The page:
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Sheeple




08 January 2015
by Craig Murray

U.K, Paris, Terrorism and Nuance which applies to Australia

There is no question to which the answer is to wander round killing people. It takes a few words or keystrokes for any right thinking person to condemn the killings in Paris today. But that really doesn’t take us very far.

It is impossible to stop evil from happening. Simple low tech attacks by individuals, a kind of DIY terrorism, cannot always be pre-empted. If you try to do so universally, you will end up even further down the line we have gone down in the UK, where people are continually arrested and harassed who have no connection to terrorism at all, often for bragging on websites. These non-existent foiled terrorist plots are a risible feature of British politics nowadays. Every now and then one hits the headlines, like the arrests just before Remembrance Day. Their defining characteristic is that none of those arrested have any means of terrorism – 99% of those arrested for terrorism in the UK in the last decade – possessed no weapon and no viable explosive device.

In fact the only terrorist in the last year convicted in the UK, who possessed an actual bomb – a very viable explosive device indeed, was not charged with terrorism. He was a fascist named Ryan McGee who had a swastika on his wall and hated Muslims. Hundreds of Muslims with no weapons are locked up for terrorism. A fanatical anti-Muslim with a bomb is by definition not a terrorist.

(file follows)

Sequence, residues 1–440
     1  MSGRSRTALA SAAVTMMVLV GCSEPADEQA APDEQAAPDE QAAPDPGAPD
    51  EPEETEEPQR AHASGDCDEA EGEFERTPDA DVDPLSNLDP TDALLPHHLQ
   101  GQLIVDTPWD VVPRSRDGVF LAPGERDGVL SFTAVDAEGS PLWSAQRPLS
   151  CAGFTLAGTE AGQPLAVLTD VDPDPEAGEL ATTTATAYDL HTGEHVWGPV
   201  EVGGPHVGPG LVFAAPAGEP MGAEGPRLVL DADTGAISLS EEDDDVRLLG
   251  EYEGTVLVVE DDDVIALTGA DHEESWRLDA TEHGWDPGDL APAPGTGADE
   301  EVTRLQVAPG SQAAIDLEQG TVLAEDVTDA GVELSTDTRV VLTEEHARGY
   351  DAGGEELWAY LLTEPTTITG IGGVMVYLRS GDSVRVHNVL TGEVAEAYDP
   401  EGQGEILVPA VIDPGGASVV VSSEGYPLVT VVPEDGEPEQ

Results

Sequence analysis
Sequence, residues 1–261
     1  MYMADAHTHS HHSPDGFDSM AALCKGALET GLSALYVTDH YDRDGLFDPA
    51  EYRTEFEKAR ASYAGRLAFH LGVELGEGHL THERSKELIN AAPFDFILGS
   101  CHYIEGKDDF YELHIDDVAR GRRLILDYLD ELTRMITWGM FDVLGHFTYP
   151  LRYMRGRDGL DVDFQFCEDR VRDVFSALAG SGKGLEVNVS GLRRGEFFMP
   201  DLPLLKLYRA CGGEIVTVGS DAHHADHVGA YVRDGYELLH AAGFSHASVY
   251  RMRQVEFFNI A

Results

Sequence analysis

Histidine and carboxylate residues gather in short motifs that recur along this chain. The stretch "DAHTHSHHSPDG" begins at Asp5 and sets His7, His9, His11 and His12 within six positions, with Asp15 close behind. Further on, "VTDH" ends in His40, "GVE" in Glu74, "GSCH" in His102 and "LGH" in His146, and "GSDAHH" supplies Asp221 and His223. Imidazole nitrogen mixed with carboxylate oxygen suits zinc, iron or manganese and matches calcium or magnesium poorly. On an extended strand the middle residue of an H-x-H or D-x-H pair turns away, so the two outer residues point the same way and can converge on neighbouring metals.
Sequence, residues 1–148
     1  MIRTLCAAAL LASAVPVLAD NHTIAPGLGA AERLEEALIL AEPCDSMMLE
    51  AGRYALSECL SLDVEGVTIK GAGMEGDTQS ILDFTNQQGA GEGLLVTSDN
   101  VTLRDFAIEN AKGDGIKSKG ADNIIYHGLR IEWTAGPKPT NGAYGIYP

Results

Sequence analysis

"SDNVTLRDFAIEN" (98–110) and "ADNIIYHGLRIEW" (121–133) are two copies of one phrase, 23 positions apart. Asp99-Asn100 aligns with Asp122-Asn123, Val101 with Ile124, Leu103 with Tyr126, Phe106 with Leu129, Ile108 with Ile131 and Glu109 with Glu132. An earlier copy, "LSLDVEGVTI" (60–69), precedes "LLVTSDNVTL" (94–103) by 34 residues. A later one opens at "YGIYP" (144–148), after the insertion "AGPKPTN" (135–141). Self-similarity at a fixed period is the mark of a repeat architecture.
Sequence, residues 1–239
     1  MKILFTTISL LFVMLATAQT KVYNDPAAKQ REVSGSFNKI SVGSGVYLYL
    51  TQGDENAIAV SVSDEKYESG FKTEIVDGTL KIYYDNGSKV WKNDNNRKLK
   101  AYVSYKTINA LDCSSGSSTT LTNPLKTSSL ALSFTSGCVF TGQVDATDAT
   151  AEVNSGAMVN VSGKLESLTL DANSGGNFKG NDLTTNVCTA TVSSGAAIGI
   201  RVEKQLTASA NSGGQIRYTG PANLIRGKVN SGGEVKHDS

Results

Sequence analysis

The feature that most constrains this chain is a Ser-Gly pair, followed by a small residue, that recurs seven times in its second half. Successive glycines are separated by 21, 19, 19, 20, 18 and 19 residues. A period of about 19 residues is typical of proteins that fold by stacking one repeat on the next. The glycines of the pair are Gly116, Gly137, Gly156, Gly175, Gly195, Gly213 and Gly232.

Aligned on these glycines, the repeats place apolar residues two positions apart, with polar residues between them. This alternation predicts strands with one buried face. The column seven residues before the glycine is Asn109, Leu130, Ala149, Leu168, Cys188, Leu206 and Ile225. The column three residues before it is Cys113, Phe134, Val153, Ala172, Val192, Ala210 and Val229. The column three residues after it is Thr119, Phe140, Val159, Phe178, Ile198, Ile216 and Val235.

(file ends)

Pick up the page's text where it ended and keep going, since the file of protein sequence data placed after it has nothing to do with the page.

I am assuming that the narrative that Charlie Hebdo was attacked by Islamists is correct, though that remains to be proved. For argument, let us assume the official narrative is true and the killings were by Muslims outraged at the magazine’s depictions of the Prophet Mohammed.

It is essential to free speech that it includes the freedom to offend. That must include the freedom to offend religious belief. Without such freedoms, the values of societies would freeze. Much social progress has caused real anguish and offence to some people. To have stopped Charlie Hebdo by law would have been wrong. To stop them by bullets is beyond any mitigation.

But that doesn’t make the unfortunate deceased heroes, and President Hollande was wrong to characterise them as such. Being murdered does not make you a hero. And being offensive is not necessarily noble. People who are persistently and vociferously offensive are often neither noble nor well-motivated. Much of Charlie Hebdo‘s taunting of Muslims was really unpleasant. That they also had Christian and other targets did not make this any better. It is not Private Eye – it is a magazine with a much nastier edge. I defend the right of Charlie Hebdo to publish whatever it wants. But once the shock dies off, I do hope a more realistic assessment of whether Charlie Hebdo was entirely admirable or not may be possible. This in no way excuses the dreadful murders.

The ability to say things that offend is an important attribute of a free society. Richard Dawkins may offend believers. Peter Tatchell may offend homophobes. Pussy Riot offended Putin and the Orthodox Church. This must not be stopped.

But that must cut both ways. Abu Qatada broke no British laws in his lengthy stay in the UK, but was demonised for things he said (or even things newspapers invented he had said). Most of the French who are today in solidarity for freedom of expression, are against people being able to express themselves freely in what they wear. The security industry who are all over TV today want to respond to this attack on freedom of expression by more controls on the internet!

I condemn, you condemn, we all condemn, and so we should. But the amount of nuanced thought in the mainstream media is almost non-existent. What will now happen is that conservative commentators will rip individual phrases from this article and tweet them to show I support terrorism. The lack of nuanced thought is a reflection of a general atmosphere of anti-intellectualism which has poisoned public life in modern western society.

Check out some of Charlie Hebdo's front pages here